• Choose Copi: Eat Well and Do Good - State of Illinois Renames and Rebrands Asian Carp

    • Jun 22, 2022
    • Illinois Department of Resources.

    • Following more than two years of consumer research and planning, the State of Illinois unveiled "Copi," the new name for Asian carp, which is a play on “copious” – as that’s exactly what these fish are. By one estimate, 20 million to 50 million pounds of Copi could be harvested from the Illinois River alone each year, with hundreds of millions more in waterways from the Midwest to the Gulf Coast. The new name and brand are designed to address public misconceptions about this delicious top-feeding fish, which is overrunning Midwest waterways.

      Copi are mild, clean-tasting fish with heart-healthy omega-3s and very low levels of mercury. Increased consumption will help to stop them from decimating other fish populations in the Great Lakes and restore an ecological balance to waterways down stream.

    • Post Date
      Jun 24, 2022
  • Statement from Agriculture Secretary Tom Vilsack Recognizing National Pollinator Week

    • Jun 17, 2022
    • U.S. Department of Agriculture.

    • Agriculture Secretary Tom Vilsack issued a United States Department of Agriculture (USDA) proclamation in recognition and support of National Pollinator Week (June 20 – 26, 2022). Pollinator species, such as bees, other insects, birds, and bats play a critical role in producing more than 100 crops grown in the United States. Honey bee pollination alone adds more than $18 billion in value to agricultural crops annually.

      USDA also released its Annual Strategic Pollinator Priorities Report: 2022 [PDF | 1.8 MB] that outlines USDA pollinator research and programmatic priorities for the coming year.

    • Post Date
      Jun 22, 2022
  • USDA Launches ‘Protect Our Pigs’ Campaign to Support the Pork Industry, Pig Owners, Veterinarians in the Fight Against African Swine Fever

    • Jun 15, 2022
    • USDA. Animal and Plant Health Inspection Service.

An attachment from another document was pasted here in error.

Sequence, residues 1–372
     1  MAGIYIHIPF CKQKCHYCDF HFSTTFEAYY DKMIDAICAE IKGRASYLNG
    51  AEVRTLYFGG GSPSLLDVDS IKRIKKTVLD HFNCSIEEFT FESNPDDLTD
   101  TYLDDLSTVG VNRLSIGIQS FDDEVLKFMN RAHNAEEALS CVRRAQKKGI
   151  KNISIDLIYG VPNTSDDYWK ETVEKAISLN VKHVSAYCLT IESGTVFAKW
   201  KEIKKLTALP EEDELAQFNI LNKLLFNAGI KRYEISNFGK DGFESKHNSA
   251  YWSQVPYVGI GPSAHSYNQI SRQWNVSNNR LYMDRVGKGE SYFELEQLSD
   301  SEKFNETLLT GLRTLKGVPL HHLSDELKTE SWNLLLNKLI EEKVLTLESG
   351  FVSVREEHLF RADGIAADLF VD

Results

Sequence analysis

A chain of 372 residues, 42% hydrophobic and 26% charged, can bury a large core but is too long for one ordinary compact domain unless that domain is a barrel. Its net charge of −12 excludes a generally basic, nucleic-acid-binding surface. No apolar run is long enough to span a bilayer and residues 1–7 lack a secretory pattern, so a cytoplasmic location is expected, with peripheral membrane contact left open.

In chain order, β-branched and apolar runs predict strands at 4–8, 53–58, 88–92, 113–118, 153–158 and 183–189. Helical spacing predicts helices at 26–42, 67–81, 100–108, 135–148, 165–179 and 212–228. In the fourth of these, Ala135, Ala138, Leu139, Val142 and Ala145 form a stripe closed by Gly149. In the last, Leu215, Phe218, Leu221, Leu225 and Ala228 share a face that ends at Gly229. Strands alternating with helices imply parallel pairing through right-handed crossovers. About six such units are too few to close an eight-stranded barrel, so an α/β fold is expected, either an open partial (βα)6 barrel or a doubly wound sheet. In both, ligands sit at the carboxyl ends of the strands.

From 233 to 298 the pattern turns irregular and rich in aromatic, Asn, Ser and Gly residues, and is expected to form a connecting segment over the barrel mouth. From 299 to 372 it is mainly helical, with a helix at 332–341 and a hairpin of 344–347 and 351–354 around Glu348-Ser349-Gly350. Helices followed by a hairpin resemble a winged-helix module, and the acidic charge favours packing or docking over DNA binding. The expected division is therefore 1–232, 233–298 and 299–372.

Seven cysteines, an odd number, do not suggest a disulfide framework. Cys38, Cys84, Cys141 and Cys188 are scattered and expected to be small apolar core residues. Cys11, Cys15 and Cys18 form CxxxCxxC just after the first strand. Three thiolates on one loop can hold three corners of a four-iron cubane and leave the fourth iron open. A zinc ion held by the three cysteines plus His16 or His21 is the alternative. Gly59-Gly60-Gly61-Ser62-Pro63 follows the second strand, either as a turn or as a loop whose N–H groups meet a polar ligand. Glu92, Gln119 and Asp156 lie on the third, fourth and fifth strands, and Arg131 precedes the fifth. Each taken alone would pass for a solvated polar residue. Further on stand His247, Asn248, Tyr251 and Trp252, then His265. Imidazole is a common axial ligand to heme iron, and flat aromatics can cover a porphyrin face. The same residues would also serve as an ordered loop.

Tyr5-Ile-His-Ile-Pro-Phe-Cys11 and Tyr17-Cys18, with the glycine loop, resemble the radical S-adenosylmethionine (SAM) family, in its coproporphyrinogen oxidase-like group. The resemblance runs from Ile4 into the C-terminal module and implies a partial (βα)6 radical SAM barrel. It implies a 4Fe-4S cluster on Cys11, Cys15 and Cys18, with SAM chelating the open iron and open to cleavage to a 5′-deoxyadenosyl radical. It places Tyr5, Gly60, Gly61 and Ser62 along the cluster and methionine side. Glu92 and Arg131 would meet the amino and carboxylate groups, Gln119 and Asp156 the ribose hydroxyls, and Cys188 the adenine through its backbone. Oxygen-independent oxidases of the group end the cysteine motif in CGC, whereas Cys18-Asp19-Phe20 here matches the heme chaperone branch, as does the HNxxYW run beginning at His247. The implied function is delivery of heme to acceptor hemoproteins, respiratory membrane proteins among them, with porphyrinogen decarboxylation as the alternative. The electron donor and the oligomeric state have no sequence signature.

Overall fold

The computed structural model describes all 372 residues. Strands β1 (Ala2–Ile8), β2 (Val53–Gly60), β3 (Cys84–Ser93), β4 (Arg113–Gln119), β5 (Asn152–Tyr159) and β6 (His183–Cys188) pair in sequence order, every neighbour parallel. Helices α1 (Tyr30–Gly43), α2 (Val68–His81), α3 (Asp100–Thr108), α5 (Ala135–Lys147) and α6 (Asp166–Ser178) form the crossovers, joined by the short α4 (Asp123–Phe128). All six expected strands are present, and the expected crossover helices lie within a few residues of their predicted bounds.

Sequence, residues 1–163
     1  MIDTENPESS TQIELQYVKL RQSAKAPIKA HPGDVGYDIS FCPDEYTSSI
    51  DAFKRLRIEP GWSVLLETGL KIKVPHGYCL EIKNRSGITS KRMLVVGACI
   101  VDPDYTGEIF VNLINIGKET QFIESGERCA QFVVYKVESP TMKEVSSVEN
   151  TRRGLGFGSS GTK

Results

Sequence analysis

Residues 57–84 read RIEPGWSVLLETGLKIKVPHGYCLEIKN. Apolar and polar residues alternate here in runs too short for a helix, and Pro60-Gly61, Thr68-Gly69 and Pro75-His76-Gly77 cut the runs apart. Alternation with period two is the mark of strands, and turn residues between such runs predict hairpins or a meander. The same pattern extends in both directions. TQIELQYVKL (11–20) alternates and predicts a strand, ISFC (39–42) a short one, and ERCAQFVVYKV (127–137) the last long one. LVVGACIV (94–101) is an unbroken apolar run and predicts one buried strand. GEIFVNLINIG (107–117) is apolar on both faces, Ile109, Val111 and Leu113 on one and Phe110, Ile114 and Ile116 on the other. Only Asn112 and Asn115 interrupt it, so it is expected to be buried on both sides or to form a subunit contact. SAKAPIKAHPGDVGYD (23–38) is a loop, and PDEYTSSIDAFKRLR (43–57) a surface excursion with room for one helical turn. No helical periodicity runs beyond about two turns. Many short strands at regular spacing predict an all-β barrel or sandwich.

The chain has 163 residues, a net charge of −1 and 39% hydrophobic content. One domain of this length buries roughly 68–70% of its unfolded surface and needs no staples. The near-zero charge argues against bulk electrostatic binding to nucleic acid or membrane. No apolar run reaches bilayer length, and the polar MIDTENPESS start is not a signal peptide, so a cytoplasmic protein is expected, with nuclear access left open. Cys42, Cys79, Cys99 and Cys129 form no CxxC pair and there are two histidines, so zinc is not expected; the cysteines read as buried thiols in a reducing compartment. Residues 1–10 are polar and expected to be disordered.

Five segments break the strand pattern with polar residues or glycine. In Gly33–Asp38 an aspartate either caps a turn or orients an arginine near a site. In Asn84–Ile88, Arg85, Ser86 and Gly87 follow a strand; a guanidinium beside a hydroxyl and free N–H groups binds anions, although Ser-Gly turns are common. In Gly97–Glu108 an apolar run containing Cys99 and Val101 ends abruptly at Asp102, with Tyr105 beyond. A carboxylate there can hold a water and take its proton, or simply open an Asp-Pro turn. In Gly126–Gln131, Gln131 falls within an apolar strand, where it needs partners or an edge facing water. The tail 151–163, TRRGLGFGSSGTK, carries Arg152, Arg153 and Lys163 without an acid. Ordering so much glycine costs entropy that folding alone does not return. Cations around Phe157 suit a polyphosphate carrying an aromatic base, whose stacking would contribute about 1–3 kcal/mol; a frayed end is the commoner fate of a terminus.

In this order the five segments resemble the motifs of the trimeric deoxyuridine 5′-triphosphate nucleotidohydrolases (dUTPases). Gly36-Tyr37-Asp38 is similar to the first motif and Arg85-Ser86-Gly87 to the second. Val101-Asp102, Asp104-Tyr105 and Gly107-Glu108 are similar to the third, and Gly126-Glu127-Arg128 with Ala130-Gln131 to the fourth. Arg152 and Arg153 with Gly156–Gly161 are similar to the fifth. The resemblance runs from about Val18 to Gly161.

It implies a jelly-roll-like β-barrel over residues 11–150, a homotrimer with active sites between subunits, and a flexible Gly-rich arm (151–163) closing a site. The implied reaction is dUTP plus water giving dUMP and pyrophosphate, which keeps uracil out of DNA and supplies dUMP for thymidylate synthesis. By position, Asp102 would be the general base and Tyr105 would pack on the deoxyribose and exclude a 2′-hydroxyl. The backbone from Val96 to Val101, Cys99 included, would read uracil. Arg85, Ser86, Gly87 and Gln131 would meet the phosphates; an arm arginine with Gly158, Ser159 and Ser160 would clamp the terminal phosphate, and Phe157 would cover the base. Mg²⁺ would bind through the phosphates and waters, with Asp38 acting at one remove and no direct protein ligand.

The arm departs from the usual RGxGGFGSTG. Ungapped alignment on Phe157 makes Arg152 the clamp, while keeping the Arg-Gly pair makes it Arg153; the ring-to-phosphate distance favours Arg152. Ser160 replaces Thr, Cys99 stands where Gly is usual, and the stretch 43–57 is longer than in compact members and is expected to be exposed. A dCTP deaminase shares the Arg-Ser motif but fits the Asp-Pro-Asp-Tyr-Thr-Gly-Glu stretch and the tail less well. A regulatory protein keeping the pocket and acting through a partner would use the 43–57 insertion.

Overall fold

• The United States Department of Agriculture’s (USDA) Animal and Plant Health Inspection Service (APHIS) has announced new efforts to help prevent the introduction and spread of African swine fever in the U.S. Through an outreach and awareness campaign called “Protect Our Pigs,” APHIS will support commercial pork producers, veterinarians, and pig owners with information and resources to help safeguard America’s swine population and the pork industry.

      APHIS is deploying a variety of outreach efforts to support critical stakeholders. The new Protect Our Pigs website,, will house materials such as downloadable fact sheets and posters, instructional videos, shareable social media graphics, a new interactive biosecurity guide, and offer the latest disease updates. If African swine fever is detected in the U.S., APHIS will also be ready to respond immediately with actionable information and resources for pig owners and the public.

      As part of these outreach efforts, on June 29 at 3 p.m. EDT, APHIS will host African Swine Fever: What You Need to Know, which will feature a panel of experts representing the pork industry, pig owners and veterinarians who will discuss the latest on the disease, protective actions and respond to questions.

    • Post Date
      Jun 17, 2022
  • A Nuclear Technique Averts a Fruit Fly Emergency in Mexico

    • Jun 17, 2022
    • UN. Food and Agriculture Organization.

    • In the Mexican state of Colima, a recent outbreak of the Mediterranean fruit fly, also known as medfly, was very bad news. This voracious pest was eradicated in Mexico in the 1980s with the help of FAO and the International Atomic Energy Agency (IAEA), but insects know no borders. And unfortunately, with climate change, increase of trade and global travel favouring the spread of pests, they have once more found their way into this horticulturally important state, threatening to wreak havoc on the industry and on the livelihoods of farmers. Thankfully, Mexico, FAO and the IAEA had prepared for just a scenario.

    • Post Date
      Jun 17, 2022
  • Beech Leaf Disease Confirmed in Virginia